Alexandra Arbogast, LICSW, C-IAYT
My calling as a therapist and coach began with my own healing journey.
I like to say that I was both cursed and blessed to hit rock bottom at a young age. As a teenager in my last few years of high school, I started suffering from debilitating anxiety, panic attacks, bulimia, depression, and a nicotine addiction. I regularly skipped school and isolated myself in my room in front of the TV. I had zero self-esteem and my mind was plagued by fear and self-hatred. It was no way to live. I had always been a happy, social, and well-adjusted kid. How had I gotten to this point?
The answer to that is complex and not what I will focus on here. What I will focus on though is how I got better. My parents sent me to a clinical social worker. And what I learned there was more important than any class I ever took in school. I learned how to calm my mind through meditation, to breathe fully to relax my body, to self-soothe and be kind to myself. In essence, I learned that the mind can either be your best friend or your worst enemy. Through a combination of causes, mine had become my worst enemy. And I was finally learning how to make it a friend.
This realization and the unfolding transformation (while it took time) was so positive and profound that I hungered for more. Over the next few years, I continued to get therapy, established a regular meditation practice, adopted a whole foods plant-based diet, and started yoga. As I found greater peace of mind, regained my health, and developed confidence in myself, I had more to give back. I got involved in service work and advocating for the rights of oppressed people, animals, and the earth. I realized that self-care is not selfish. When we are at our best, we have more to give.
In my third year of college, I had an epiphany that clarified my vocation and career path. I was in Cuernavaca, Mexico doing service work. One evening, I was meditating on a rooftop balcony underneath an electric blue sky and it came to me like a lighting bolt from heaven. All of the sudden I understood that personal transformation and societal transformation are connected. It is through healing our own minds and hearts and through becoming healthy and happy that we are able to spread kindness and compassion in the world. Lasting social change begins within. I determined then to become a holistic therapist and to help people the way I was helped.
Since 2005, I have been blessed to provide healing, coaching, and therapy to thousands of individuals. Much of this has been through my full-time position at Walter Reed National Military Medical Center where, in 2010, I co-founded the Mind-Body Medicine Program and have served as the program coordinator and senior therapist. In this role, I work primarily with veterans and their families who are dealing with the physical and psychological trauma of war. Helping humanity to heal and grow is the main purpose of my life and my greatest joy.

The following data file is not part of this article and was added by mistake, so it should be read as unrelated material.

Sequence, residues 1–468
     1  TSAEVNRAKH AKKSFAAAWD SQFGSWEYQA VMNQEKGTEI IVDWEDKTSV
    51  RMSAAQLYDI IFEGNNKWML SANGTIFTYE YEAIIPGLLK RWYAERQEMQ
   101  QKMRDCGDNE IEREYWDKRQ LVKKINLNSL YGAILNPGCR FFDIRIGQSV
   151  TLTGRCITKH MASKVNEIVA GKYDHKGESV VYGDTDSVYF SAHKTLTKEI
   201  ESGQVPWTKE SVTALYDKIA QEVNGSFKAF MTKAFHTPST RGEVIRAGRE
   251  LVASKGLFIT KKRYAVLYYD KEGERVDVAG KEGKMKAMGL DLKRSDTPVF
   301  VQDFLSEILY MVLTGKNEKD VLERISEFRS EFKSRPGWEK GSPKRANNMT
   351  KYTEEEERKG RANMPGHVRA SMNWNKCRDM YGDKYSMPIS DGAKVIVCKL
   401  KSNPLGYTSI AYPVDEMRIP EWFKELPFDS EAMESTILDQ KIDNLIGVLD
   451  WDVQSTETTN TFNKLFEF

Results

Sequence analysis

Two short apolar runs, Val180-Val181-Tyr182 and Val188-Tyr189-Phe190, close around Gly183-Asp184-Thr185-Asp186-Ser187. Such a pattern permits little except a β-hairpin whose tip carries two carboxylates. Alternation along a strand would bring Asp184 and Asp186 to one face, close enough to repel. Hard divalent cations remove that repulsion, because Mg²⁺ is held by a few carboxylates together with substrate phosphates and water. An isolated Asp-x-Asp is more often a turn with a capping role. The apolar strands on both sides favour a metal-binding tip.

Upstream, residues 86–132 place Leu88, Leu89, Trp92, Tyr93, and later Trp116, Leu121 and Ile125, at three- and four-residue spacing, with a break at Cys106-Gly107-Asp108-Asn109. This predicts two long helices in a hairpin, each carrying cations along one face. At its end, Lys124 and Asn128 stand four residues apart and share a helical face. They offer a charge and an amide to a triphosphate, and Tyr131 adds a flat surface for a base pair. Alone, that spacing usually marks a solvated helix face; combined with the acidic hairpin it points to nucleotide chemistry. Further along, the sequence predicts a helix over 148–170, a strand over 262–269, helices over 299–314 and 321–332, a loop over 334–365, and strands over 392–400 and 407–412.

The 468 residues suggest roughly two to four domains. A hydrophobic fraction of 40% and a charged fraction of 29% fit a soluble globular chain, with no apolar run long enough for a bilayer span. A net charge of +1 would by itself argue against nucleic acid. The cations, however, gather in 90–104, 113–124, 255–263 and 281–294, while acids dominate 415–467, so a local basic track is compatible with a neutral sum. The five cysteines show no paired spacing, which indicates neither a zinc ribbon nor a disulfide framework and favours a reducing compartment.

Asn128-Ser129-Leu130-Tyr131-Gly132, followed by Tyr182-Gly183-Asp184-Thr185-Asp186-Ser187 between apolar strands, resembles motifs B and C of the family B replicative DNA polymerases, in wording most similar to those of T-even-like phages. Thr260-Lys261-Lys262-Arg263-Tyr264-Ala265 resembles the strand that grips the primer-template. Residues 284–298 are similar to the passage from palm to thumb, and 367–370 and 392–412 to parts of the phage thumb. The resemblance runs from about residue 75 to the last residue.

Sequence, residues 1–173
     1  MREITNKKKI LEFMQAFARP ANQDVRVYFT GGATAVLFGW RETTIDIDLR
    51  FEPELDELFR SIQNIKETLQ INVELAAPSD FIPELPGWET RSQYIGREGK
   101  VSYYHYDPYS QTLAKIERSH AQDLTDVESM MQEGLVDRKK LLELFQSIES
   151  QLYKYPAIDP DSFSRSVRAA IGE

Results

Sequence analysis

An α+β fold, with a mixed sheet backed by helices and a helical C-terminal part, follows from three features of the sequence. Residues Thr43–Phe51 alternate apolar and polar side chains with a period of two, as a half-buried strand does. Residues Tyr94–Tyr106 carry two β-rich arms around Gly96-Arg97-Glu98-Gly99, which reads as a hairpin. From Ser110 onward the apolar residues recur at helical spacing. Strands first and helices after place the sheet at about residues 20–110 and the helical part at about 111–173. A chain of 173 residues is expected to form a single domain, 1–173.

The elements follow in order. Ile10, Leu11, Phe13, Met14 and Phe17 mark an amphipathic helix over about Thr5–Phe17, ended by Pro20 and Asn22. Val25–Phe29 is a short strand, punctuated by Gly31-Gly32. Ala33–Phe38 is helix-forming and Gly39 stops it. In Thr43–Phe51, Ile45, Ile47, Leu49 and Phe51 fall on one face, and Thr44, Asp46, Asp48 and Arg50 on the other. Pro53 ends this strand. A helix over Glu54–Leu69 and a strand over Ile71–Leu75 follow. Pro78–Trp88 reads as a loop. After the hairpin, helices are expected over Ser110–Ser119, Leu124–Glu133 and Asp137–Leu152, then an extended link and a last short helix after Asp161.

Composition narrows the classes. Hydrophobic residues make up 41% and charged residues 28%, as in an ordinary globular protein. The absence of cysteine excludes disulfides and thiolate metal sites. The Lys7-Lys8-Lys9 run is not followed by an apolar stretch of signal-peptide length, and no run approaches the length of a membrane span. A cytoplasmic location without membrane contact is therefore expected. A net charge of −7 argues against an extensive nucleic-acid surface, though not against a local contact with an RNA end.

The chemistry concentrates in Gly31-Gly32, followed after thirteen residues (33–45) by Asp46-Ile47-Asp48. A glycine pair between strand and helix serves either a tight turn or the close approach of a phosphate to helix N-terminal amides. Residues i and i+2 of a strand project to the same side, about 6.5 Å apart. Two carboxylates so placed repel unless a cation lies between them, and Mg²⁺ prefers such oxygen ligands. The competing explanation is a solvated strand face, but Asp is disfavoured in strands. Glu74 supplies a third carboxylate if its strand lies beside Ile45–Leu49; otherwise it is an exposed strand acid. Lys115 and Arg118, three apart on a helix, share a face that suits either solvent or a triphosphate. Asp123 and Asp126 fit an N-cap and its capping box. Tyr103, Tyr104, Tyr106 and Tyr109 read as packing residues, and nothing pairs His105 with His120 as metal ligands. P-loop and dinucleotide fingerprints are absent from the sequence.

I am a Licensed Clinical Social Worker/Psychotherapist in Washington D.C. and Maryland. My approach to therapy and life coaching is integrative, strengths-based, and mindfulness-based. I draw from both eastern and western psychology in my understanding of the mind and the process of healing and growth.
I offer mindful presence, compassionate support and intuitive, knowledgeable guidance. I am trained and experienced in several evidence-based healing modalities to help you optimize your health and wellbeing. The main ones are listed below:
Cognitive-Behavioral Therapy: A therapeutic modality that brings attention to thoughts and explores their connection to emotions and behavioral patterns. Involves techniques to challenge and transform limiting thought patterns. Learn more at: https://psychcentral.com/lib/in-depth-cognitive-behavioral-therapy/
Mindfulness: The practice of paying attention to some aspect of present-moment experience with an attitude of non-judgmental curiosity. Through this, one strengthens concentration power, gains insight into the nature of self and experience, and creates space for a wise, skillful, and more compassionate response to arise. Learn more at: http://greatergood.berkeley.edu/topic/mindfulness/definition
Mind-Body Medicine: Modalities that focus on the ways in which emotional, mental, social, spiritual, experiential, and behavioral factors can directly affect health. Includes a range of practices to strengthen the mind-body connection for optimal wellness. Learn more at: https://report.nih.gov/NIHfactsheets/ViewFactSheet.aspx?csid=102
Positive Psychology: An approach to psychology that emphasizes, cultivates and nurtures positive mind-body states such as joy, gratitude, compassion, and post-traumatic growth. Learn more at: http://ppc.sas.upenn.edu
Yoga Therapy: The adaptation of yoga practices such as postures, breathing techniques, meditation, and relaxation strategies to help with mental and physical health challenges. Learn more at: http://www.iayt.org
Self-Inquiry: The primary method in yoga through which self-realization, the realization of our true nature beyond mind and body, is achieved. Learn more at: https://yogainternational.com/article/view/the-art-of-self-inquiry
iRest Yoga Nidra: A research-based, transformative practice of deep relaxation and meditative self-inquiry that has been shown to effectively support the healing process through a broad-range of populations. Learn more at: https://www.irest.us
Somatic Experiencing: A body-oriented approach to the healing of trauma and other stress disorders. Learn more at: https://traumahealing.org